Jefferson Barracks National CemeteryIn March 1863, the U.S. Army established the Jefferson Barracks Post Cemetery.  The cemetery covers 310 acres.  The area sits on bluffs overlooking the Mississippi River.

Jefferson Barracks National CemeteryIn 1866, the Secretary of War designated the post cemetery as a national cemetery.  The Civil War brought remains of many fallen to rest.  In 1922 WW I Veterans required a medical center.  WW II required land from the military post for cemetery space.   Jefferson Barracks National Cemetery became a central location for group interments.  Sleeping Heroes, every kind, color and their limitless stories are here.

Jefferson Barracks National CemeteryEvery Row, from every angle – always straight.

chapel 7 - Jefferson Barracks cemetery spaces for gatherings

Surrounded - Protected - LovedThere are several shelters placed around the cemetery called “committal shelters.”  There are heroes, along with their spouses, from many different belief systems.  I like the regard for feelings, wishes, rights, or traditions of others I find here.  Many of these heroes did not know this respect and inclusiveness in their waking life.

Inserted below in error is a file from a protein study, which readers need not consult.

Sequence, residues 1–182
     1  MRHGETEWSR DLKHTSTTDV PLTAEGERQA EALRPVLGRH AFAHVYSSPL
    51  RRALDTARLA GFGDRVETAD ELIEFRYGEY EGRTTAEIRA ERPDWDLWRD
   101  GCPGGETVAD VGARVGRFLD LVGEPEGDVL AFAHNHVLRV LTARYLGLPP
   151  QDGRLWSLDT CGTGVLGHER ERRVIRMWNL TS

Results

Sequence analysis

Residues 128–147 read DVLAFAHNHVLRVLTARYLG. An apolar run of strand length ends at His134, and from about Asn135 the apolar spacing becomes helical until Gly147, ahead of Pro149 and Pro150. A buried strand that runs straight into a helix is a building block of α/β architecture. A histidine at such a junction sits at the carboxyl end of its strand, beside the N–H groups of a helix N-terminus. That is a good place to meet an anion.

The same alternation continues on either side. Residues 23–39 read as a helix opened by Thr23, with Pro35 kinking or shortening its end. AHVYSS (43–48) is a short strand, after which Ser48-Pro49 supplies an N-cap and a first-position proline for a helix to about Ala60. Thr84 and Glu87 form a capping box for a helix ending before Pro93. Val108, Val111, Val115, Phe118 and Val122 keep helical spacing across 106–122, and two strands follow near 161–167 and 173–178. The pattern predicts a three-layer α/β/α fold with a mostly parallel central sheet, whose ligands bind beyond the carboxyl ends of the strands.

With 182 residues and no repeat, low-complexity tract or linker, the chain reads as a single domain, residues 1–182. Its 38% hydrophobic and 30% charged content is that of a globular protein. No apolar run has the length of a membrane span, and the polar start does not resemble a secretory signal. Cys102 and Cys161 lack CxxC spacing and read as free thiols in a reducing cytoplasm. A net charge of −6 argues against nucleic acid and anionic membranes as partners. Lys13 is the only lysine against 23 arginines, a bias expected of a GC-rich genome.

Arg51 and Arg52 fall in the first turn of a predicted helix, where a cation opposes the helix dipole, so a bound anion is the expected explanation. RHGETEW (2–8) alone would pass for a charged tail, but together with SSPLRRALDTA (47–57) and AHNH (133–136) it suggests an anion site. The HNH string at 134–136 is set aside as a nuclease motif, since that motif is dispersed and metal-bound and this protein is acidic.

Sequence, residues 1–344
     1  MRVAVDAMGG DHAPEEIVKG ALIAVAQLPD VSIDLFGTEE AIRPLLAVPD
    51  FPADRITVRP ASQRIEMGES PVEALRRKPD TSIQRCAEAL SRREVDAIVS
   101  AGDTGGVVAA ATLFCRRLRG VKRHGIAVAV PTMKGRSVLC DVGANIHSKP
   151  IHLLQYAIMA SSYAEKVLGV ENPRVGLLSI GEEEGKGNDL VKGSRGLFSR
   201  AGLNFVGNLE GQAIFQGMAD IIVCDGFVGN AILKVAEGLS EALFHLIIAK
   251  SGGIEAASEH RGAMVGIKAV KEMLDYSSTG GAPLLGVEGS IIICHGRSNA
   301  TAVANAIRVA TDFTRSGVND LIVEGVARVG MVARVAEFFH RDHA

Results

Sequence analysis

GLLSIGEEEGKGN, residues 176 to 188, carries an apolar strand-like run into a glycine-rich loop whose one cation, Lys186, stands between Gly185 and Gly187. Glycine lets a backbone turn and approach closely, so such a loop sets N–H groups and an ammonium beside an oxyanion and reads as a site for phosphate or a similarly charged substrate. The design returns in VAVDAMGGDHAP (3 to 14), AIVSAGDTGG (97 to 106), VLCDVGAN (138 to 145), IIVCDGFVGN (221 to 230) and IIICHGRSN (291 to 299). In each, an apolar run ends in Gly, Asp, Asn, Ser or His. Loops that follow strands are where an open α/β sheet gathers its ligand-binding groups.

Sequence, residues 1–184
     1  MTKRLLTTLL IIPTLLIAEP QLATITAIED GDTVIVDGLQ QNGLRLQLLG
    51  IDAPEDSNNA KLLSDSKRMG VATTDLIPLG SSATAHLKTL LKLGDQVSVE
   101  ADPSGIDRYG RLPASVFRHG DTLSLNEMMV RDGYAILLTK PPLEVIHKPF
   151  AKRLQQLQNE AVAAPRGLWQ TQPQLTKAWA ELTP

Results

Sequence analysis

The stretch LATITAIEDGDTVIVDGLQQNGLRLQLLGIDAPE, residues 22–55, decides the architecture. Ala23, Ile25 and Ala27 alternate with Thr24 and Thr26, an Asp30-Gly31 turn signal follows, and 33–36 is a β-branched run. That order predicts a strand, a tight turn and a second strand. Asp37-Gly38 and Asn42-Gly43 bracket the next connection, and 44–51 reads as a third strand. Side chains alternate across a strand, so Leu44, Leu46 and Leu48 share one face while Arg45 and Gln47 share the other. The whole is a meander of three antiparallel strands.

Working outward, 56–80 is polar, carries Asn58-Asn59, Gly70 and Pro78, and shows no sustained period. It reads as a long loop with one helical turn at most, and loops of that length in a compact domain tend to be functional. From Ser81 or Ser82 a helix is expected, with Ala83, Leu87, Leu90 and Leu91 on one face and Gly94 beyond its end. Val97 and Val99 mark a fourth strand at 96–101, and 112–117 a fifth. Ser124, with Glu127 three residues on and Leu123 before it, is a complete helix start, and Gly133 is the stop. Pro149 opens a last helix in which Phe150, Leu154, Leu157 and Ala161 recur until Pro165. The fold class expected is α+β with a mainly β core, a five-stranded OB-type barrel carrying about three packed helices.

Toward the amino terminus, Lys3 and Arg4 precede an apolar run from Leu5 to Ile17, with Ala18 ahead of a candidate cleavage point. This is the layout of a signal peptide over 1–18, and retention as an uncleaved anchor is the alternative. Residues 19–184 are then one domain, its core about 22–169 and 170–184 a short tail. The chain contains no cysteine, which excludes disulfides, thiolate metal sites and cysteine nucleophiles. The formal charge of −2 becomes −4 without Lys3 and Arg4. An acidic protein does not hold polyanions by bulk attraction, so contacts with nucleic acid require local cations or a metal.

Visiting Columbaria at Jefferson Barracks National Cemetery

Jefferson Barracks National CemeteryI passed the word “Columbarium” a few times.  I admit I did not know understand until reaching a hill top.  It was such a lovely place, I decided to stroll around.

Columbarium - Jefferson Barracks National CemeteryThis part of the cemetery has newer dates.  There are nice places to rest and reflect.

Columbarium - jefferson Barracks National CemeteryIt feels good to listen to the breeze all around, and feel a sense of hope.

sleeping heroesQuiet and Comfort is built right in.  It’s as if we are welcome to sit a while.

Conversations with Sleeping Heroes

(some else has come to spend time)

conversations with sleeping heroes

Monuments honor different parts of the story.  There is a monument to Civil war dead, Confederate dead,  WW II, Korean War, Vietnam and the Gulf War..

There are memorials for War Unknowns.

There is a red granite boulder commemorating officers and soldiers who died at Fort Bellefontaine.

One of the older monuments is dedicated to 175 soldiers of the 56th U.S. Colored Infantry.

There is a monument by artist John K. Daniels to honor the 164 Minnesotan officers and soldiers buried at this national cemetery.

There are eight recipients of the Medal of Honor and three Revolutionary War veterans.